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U of A math student designs “Virtual Liver”

EDMONTON and CALGARY – Using a combination of mathematics, physics and computer science, University of Alberta graduate student Rebeccah Marsh (pictured) has made the first steps towards designing a computer-simulated “virtual liver.”

Working as an intern at Calgary-based Computer Modelling Group (CMG) and with guidance from Dr Jack Tuszynski, Allard Chair at the Cross Cancer Institute, Marsh and CMG’s senior research scientist, Dr. Dennis Coombe, collaborated on the initial development of the virtual organ to help doctors and pharmaceutical companies better understand how the human liver – a major site for drug metabolism – responds to medications.

Based on the virtual liver’s reaction to different drug compounds, pharmaceutical companies will be able to change the make-up of a drug to increase its effectiveness in treating diseases in patients, explains Marsh.

Marsh and the Computer Modelling Group were brought together thanks to the MITACS Internship Program, a first-of-its-kind initiative which moves Alberta graduate students with expertise in mathematical sciences out of the classroom and into the workforce, giving them the opportunity to use their math skills to address high-level industrial issues.

The program, supported by Alberta Ingenuity and Western Economic Diversification Canada, benefits both the students, who gain valuable practical experience, and the companies, which benefit from a unique skill set and connection with the province’s up –and-coming research talent.

The next stage for CMG involves using the virtual liver to analyze diseased livers and tumour-forming regions in collaboration with Marsh’s graduate supervisor, Dr. Jack Tuszynski at the University of Alberta . Plans also include extending this approach to other virtual organ models, such as the kidney.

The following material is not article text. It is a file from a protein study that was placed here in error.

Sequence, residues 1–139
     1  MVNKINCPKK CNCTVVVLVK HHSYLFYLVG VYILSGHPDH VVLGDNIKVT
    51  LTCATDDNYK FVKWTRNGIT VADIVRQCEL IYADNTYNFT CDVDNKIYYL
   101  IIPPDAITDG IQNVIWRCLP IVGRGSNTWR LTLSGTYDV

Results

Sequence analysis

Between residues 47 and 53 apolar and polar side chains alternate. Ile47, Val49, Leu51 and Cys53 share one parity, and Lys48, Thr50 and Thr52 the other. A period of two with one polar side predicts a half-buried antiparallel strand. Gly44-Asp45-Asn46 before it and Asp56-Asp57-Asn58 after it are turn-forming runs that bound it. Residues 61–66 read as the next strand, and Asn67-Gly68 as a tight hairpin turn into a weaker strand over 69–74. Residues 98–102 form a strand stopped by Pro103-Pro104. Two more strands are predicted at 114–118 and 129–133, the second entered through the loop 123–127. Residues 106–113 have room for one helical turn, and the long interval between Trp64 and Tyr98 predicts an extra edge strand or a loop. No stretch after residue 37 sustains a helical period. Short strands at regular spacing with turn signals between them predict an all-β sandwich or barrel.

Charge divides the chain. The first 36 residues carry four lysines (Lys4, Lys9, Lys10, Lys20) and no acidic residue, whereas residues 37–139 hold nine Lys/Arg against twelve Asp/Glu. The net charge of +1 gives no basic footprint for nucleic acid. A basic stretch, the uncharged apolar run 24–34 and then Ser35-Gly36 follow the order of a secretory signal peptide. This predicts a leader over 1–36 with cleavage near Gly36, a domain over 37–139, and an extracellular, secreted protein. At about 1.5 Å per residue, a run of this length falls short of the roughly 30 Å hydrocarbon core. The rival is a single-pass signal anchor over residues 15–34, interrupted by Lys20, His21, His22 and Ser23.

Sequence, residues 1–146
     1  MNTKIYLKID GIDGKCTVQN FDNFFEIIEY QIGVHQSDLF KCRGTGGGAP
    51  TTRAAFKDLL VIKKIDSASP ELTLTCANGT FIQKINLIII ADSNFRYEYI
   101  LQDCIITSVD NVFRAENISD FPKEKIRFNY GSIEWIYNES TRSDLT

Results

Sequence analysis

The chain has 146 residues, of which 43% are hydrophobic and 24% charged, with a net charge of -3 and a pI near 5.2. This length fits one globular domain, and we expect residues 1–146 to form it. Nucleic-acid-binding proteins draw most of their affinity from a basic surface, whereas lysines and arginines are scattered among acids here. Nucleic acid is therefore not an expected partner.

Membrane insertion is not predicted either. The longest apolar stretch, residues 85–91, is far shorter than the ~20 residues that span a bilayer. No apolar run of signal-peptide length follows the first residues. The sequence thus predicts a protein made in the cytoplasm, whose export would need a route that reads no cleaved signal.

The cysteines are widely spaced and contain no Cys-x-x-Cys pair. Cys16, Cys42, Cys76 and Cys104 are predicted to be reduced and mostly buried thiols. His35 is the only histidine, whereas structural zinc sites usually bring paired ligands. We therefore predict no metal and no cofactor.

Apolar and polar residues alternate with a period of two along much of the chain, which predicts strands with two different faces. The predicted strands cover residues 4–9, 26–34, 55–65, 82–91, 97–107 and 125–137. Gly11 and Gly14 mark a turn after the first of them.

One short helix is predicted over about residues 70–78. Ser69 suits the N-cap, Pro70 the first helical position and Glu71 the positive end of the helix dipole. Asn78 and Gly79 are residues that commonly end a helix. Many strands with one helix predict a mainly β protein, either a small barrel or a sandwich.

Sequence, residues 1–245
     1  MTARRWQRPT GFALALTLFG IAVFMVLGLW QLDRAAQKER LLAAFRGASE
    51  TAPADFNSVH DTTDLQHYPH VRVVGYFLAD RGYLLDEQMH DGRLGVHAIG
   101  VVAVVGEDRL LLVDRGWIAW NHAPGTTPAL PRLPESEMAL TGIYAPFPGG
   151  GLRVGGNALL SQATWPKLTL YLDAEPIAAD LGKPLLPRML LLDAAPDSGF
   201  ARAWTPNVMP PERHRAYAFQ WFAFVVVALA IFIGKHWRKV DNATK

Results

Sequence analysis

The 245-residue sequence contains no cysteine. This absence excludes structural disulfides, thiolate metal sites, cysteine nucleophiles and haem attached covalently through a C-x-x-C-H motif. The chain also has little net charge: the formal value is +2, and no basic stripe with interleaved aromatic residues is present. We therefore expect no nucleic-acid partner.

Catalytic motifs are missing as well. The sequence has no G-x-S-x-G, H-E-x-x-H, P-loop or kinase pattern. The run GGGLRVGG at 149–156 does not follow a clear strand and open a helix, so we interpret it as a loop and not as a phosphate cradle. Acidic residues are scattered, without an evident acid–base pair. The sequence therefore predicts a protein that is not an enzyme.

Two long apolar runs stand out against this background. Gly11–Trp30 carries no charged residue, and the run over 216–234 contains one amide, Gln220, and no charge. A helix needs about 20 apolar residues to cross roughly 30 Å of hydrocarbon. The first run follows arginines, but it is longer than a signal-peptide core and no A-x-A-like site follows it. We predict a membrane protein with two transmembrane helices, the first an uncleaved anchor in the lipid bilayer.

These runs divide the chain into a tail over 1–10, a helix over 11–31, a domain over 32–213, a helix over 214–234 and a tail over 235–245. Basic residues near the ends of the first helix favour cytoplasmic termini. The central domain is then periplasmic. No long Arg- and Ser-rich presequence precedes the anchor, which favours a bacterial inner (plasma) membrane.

“This internship with Rebeccah greatly exceeded our expectations,” said Dr. Coombe. “Her mathematical and computer knowledge of drug distribution behavior, coupled with her enthusiasm and medical physics background, allowed us to explore a much wider range of topics than first thought possible. Indeed, the follow-up work that CMG is currently undertaking in this area is a direct result of our discussions with her.”

The Computer Modelling Group eventually hopes to make these virtual reality simulations available to the medical community to improve the accuracy, specificity and cost-effectiveness of pre-clinical testing.

“The success of Rebeccah’s internship, as well as the other internships, proves that connecting graduate students with expertise in mathematical sciences with companies in Alberta really does result in valuable, commercial developments,” said Dr. Arvind Gupta, Scientific Director of MITACS. “Alberta companies will continue to benefit by connecting with these grad students who offer a unique cross-disciplinary skill set.”

Under the MITACS Internship Program, graduate student researchers spend approximately 50 percent of their time over a four month period at a company, undertaking research on a problem jointly identified by the business, MITACS and the students’ supervising professors. The rest of the students’ time is spent at the university, further advancing their research under the guidance of their supervisors.